Norma Holt (1918-2013) was known for her intimate visual style as a photographer. The children, the women, and the hardworking ordinary people she photographed for over 50 years capture the complete integration of her eye for faces and places with her personal humanity and her desire for social justice. Her non-commissioned photography had its roots in New York’s early street photographers of the 1930s and 40s. This style of photography sought to reveal ordinary people and the often poverty-stricken world they inhabited. Holt initially adopted their documentary-style and retained a shared belief that photography could be an instrument for social awareness and progress. Norma’s photos reveal her social activism, her belief in racial equality and women’s rights.
Holt was born in upstate New York, and arrived in mid-Depression New York City at the age of 16. The City at that time was full of contrasts and contradictions, and life on its streets captured it all. She began taking her own photographs in the early to mid-1950s, first by photographing children, often spending entire days with them. These iconic black and white photos show their natural vibrancy and spontaneity.
Her work evolved over time, to also focus more on the impact of social issues on ordinary people. An image of a child behind a wooden street barrier holding a hand-written sign “Balloons not Bombs” during a protest against the Vietnam War is emblematic of Holt’s work in the early 1970s. Holt photos from Israel in 1972-73 started what would later become a global perspective on socially important issues: whether photographing Arab doctors tending to Jewish children, or the face of a tattooed Bedouin woman, or an elderly man in a disheveled suit and hat hunched over a typewriter on the street, she found individual faces of humanity during tumultuous, pivotal moments in history.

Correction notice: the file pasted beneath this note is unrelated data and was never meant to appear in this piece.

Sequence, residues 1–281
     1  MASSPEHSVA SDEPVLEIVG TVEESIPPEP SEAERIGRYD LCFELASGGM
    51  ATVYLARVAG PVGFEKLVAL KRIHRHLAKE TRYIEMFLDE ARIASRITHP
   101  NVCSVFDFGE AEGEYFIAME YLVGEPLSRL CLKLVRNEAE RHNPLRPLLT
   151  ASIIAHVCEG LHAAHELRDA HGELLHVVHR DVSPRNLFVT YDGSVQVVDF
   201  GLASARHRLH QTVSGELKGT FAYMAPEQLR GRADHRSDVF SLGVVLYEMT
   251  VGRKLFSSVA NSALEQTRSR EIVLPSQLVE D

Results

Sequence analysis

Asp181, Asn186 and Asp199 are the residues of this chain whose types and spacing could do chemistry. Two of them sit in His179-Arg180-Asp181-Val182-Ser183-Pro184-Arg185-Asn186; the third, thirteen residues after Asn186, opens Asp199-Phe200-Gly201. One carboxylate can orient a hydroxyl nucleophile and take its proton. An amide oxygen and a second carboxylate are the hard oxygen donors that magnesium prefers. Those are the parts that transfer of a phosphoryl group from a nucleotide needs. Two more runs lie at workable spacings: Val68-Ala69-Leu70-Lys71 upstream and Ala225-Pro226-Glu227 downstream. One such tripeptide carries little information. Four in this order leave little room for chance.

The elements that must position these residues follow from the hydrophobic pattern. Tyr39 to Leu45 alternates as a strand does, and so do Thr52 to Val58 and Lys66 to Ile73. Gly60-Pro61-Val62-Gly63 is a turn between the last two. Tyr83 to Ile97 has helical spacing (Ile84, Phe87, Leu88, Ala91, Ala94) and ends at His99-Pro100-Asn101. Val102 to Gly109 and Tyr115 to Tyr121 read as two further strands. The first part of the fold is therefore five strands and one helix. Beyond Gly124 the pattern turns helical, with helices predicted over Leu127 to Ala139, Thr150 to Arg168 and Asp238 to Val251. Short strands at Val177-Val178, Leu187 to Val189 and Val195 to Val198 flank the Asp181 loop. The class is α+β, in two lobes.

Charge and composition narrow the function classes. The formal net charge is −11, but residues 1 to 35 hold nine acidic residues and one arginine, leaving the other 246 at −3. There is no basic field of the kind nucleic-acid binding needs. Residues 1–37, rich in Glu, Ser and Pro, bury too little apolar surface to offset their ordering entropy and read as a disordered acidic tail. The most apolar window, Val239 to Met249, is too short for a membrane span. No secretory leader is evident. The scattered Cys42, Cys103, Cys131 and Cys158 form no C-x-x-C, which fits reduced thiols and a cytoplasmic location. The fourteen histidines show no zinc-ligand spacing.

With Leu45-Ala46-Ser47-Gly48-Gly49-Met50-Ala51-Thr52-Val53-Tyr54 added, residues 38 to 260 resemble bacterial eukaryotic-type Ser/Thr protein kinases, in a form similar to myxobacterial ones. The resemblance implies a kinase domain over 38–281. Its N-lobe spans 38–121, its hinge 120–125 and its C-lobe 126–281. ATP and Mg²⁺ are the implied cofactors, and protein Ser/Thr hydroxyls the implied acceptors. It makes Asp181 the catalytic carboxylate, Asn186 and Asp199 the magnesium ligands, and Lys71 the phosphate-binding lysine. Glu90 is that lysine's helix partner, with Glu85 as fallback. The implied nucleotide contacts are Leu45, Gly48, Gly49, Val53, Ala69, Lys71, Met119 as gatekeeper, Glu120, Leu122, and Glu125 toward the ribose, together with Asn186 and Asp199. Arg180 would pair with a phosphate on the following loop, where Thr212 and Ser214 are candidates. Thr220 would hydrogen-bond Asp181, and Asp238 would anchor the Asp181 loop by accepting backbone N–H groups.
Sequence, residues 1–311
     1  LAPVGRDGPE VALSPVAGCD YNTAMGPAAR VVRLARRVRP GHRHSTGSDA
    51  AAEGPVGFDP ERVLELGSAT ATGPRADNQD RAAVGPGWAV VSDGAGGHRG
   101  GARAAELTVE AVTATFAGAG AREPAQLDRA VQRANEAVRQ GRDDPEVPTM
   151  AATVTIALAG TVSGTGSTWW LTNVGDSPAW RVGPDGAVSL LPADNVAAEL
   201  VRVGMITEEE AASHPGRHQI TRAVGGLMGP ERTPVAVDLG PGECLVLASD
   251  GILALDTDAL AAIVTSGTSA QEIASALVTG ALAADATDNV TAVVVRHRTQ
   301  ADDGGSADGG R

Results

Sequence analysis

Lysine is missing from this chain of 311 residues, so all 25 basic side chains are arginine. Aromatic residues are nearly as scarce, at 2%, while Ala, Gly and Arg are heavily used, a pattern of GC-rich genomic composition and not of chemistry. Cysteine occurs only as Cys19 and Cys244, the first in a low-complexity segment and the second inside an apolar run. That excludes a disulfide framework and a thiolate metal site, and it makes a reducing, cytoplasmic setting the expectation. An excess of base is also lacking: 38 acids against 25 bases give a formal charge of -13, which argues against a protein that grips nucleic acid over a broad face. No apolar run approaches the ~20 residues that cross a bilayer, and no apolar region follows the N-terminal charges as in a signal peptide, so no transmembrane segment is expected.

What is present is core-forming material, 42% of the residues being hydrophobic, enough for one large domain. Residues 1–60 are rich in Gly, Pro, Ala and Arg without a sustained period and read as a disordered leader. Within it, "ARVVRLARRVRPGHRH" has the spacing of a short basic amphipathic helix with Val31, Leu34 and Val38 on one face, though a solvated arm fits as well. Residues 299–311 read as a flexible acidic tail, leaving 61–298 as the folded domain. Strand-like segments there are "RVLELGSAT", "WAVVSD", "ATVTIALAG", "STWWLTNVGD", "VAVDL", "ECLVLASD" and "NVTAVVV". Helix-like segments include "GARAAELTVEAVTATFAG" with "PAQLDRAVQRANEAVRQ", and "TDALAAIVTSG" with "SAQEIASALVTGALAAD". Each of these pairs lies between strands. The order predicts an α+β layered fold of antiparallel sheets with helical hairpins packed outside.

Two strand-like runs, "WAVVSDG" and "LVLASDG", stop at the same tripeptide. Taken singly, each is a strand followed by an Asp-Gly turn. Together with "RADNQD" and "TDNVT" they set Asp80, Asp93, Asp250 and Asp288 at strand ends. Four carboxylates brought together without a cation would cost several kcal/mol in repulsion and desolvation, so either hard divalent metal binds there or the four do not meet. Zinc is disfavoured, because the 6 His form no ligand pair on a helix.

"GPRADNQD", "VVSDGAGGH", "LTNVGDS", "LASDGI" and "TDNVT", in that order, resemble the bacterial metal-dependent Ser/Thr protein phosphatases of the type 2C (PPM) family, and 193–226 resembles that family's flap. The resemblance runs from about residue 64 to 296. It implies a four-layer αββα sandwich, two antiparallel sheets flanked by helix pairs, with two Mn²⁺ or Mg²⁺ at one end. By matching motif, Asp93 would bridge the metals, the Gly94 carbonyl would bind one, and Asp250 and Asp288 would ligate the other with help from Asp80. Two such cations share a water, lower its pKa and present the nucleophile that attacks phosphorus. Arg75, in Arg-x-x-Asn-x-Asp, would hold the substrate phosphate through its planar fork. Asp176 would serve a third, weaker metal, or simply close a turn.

In the mid-70s Norma began taking photographic portraits of artists in Provincetown, MA, an artistic community of which she was a part for more than five decades, and published a catalog, Face of the Artist. She also began photographing women, particularly older women from the Portuguese community whose families were the backbone of Provincetown’s hard-working fishing community.
In the 1980s she began to photograph women and children around the world for the State Department and the UN, including Guatemala, India, Morocco, Egypt, Algeria, Tunis and other parts of Africa. This work was captured in the 1988 releases of Africa Unadorned, her book of photographs of older women of West Africa. Holt’s travels also would take her to Mexico, Italy, Japan, Ireland, Egypt, Greece and Nepal, at a time when her age and local travel conditions proved challenging for her as she clambered up mountains, slept in mud huts and ate exotic cuisine from varied, primitive cultures.
In 2001, her photographic portraits of artists were published in On Equal Ground: Photographs from an Artists’ Community at the Tip of Cape Cod. Her most dramatic and perhaps most viewed photographs are found in an outdoor exhibition of five large black and white photographic portraits of Portuguese women, made in collaboration with artist Ewa Nogiec, called They Also Faced the Sea, mounted at Fisherman’s Wharf in Provincetown, MA. Installed when Norma was eighty-five years old, this exhibit displays large her photographic signature: the direct, unedited gaze of her subject. Powerful, moving, and evocative, this exhibit has outlived her but not her vision, artistry or concern for the very real people she photographed.